Friday, December 31, 2004

2004: Our year in human rights

With everyone and their dog doing retrospectives at the moment, I thought I'd add to the chorus - by doing one on the progress of human rights in our country over 2004. Unfortunately, the progress was almost all downhill. The shining pieces of good news were the passage of the Civil Unions Act 2004, Paul Hopkinson's victory in his case over flag-burning, and a string of court victories for Ahmed Zaoui, culminating in his release on bail earlier in the month. But in general, the trend was one of erosion. Lowlights include:

  • The introduction of the Identities Bill, which allows the government to deny or revoke the passport of any New Zealander (thus preventing them from travelling) on suspicion;
  • Phil Goff's eagerness to introduce chemical castration for sex offenders;
  • The deportation of a 16-year-old Sri Lankan girl back to her abusers;
  • The introduction of majority verdicts on juries to make it easier for the crown to gain a conviction;
  • Erosion of protections against double jeopardy;
  • Imposing pregnancy tests on Tongan women wanting to visit New Zealand;
  • Denying David Irving entry into New Zealand, essentially on the basis of his (repugnant, if it really needs to be said) views on the Holocaust;
  • Phil Goff's attempts to prevent prisoners from being compensated for abuse or unlawful detention, in violation of our international commitments and the basic principle of equality under the law;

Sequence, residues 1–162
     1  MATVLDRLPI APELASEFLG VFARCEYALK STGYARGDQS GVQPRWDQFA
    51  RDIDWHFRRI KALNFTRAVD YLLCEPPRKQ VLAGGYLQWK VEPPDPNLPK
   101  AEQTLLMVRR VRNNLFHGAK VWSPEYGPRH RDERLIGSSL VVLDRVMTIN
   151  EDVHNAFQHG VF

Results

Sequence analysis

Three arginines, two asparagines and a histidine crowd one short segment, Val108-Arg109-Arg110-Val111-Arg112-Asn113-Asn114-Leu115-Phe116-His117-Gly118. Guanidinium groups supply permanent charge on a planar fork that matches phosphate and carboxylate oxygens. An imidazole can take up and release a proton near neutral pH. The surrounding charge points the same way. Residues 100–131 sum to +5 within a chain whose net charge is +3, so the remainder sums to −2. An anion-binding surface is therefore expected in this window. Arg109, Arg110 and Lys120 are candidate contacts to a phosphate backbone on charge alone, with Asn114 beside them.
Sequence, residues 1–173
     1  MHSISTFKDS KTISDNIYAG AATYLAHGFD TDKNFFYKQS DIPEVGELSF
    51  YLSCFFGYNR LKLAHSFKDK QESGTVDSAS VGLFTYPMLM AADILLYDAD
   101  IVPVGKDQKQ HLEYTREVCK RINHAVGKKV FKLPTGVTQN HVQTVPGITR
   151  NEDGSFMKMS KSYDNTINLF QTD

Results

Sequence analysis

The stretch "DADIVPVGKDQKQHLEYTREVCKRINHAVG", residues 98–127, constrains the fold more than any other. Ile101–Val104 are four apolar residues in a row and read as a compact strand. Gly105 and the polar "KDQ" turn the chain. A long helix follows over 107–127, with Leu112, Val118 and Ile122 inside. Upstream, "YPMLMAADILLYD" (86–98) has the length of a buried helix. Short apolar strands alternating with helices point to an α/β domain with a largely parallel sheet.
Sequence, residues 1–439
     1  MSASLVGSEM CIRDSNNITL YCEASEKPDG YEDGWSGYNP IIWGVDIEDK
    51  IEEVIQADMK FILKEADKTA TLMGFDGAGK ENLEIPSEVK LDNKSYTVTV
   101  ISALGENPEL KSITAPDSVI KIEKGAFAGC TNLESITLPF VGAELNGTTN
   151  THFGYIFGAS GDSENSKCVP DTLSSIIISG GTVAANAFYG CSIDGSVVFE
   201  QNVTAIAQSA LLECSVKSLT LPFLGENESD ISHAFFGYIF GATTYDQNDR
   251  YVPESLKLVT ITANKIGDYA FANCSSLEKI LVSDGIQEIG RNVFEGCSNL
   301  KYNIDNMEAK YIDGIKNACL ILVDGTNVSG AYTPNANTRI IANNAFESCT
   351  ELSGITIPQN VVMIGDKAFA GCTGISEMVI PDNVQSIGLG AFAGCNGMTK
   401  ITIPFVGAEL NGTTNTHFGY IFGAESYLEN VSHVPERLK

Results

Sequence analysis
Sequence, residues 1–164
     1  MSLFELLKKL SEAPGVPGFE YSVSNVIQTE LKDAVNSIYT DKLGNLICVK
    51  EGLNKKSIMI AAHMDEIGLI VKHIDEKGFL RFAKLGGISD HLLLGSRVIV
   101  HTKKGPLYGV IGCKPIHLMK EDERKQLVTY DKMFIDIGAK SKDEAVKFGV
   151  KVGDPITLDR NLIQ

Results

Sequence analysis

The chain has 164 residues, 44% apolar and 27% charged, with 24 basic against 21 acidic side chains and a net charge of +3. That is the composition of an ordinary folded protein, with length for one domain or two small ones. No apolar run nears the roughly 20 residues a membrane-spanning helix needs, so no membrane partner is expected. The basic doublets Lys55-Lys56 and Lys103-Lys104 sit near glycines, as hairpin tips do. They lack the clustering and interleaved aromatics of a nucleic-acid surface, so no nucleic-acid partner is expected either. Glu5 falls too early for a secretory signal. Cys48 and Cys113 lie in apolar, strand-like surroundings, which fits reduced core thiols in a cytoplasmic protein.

• Attempts by National MPs to require parental notification (or even consent) for teenage abortions;
  • The prolonged incarceration of remand prisoners in police cells, under conditions worse than those required for the keeping of dogs;
  • Phil Goff's plans to seize the assets of (in his words) "criminals who ha[ve] been acquitted of criminal charges";
  • The laying of sedition (in addition to criminal damage) charges over the axe attack on the PM's electorate office.

I think this list shows that we have a lot more work to do if we want to live up to our international commitments and ideals on human rights.

By way of awards, I think dishonourable mentions have to go to

  • The Solicitor-General, for saying that it would be acceptable for Ahmed Zaoui to spend five years in jail without charge;
  • David Benson-Pope, for screaming "put him on the plane" during a Parliamentary question on Ahmed Zaoui; and
  • The entire National, ACT, and New Zealand First parties for seemingly abandoning the idea of human rights entirely.

But as for an overall award, for the person who did the most to undermine human rights in New Zealand in 2004, I think the answer is obvious. One name features prominently in the above litany of shame: Phil Goff. His utter lack of concern for procedural safeguards, the rights of the accused (or convicted), actual guilt or innocence - for justice, in other words - really speaks for itself. This year, he gets the golden raspberry for egregious overachievement in the undermining of human rights standards. Maybe I'll send him a certificate...